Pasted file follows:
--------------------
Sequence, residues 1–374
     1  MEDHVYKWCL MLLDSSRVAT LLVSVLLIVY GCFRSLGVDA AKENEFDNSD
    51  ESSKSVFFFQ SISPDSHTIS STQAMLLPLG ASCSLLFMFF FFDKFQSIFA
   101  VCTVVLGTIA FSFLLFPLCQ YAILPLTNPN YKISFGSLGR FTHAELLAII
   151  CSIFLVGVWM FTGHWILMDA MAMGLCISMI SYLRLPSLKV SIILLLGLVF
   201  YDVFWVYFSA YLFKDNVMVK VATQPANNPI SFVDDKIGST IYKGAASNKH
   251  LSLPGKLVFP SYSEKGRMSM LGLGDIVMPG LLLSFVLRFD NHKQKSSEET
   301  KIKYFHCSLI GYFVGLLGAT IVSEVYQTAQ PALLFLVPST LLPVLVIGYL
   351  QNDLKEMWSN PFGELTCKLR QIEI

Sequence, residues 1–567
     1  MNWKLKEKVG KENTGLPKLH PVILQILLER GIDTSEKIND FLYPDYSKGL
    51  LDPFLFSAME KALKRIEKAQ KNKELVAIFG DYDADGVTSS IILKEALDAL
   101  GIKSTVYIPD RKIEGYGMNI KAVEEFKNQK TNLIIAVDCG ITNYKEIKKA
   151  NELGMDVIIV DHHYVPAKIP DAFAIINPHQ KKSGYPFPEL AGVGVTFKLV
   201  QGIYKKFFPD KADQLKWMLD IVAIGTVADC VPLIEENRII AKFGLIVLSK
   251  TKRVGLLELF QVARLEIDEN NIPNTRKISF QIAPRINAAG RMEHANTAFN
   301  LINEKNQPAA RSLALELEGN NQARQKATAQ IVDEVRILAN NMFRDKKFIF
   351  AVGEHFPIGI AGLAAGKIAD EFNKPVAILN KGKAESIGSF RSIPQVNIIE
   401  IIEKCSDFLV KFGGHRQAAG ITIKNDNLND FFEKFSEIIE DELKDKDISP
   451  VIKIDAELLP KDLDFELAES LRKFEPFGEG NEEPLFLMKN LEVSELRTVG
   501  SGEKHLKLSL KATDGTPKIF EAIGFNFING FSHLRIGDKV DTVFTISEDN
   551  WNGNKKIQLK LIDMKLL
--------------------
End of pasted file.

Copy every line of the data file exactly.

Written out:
Sequence, residues 1–374
     1  MEDHVYKWCL MLLDSSRVAT LLVSVLLIVY GCFRSLGVDA AKENEFDNSD
    51  ESSKSVFFFQ SISPDSHTIS STQAMLLPLG ASCSLLFMFF FFDKFQSIFA
   101  VCTVVLGTIA FSFLLFPLCQ YAILPLTNPN YKISFGSLGR FTHAELLAII
   151  CSIFLVGVWM FTGHWILMDA MAMGLCISMI SYLRLPSLKV SIILLLGLVF
   201  YDVFWVYFSA YLFKDNVMVK VATQPANNPI SFVDDKIGST IYKGAASNKH
   251  LSLPGKLVFP SYSEKGRMSM LGLGDIVMPG LLLSFVLRFD NHKQKSSEET
   301  KIKYFHCSLI GYFVGLLGAT IVSEVYQTAQ PALLFLVPST LLPVLVIGYL
   351  QNDLKEMWSN PFGELTCKLR QIEI

Sequence, residues 1–567
     1  MNWKLKEKVG KENTGLPKLH PVILQILLER GIDTSEKIND FLYPDYSKGL
    51  LDPFLFSAME KALKRIEKAQ KNKELVAIFG DYDADGVTSS IILKEALDAL
   101  GIKSTVYIPD RKIEGYGMNI KAVEEFKNQK TNLIIAVDCG ITNYKEIKKA
   151  NELGMDVIIV DHHYVPAKIP DAFAIINPHQ KKSGYPFPEL AGVGVTFKLV
   201  QGIYKKFFPD KADQLKWMLD IVAIGTVADC VPLIEENRII AKFGLIVLSK
   251  TKRVGLLELF QVARLEIDEN NIPNTRKISF QIAPRINAAG RMEHANTAFN
   301  LINEKNQPAA RSLALELEGN NQARQKATAQ IVDEVRILAN NMFRDKKFIF
   351  AVGEHFPIGI AGLAAGKIAD EFNKPVAILN KGKAESIGSF RSIPQVNIIE
   401  IIEKCSDFLV KFGGHRQAAG ITIKNDNLND FFEKFSEIIE DELKDKDISP
   451  VIKIDAELLP KDLDFELAES LRKFEPFGEG NEEPLFLMKN LEVSELRTVG
   501  SGEKHLKLSL KATDGTPKIF EAIGFNFING FSHLRIGDKV DTVFTISEDN
   551  WNGNKKIQLK LIDMKLL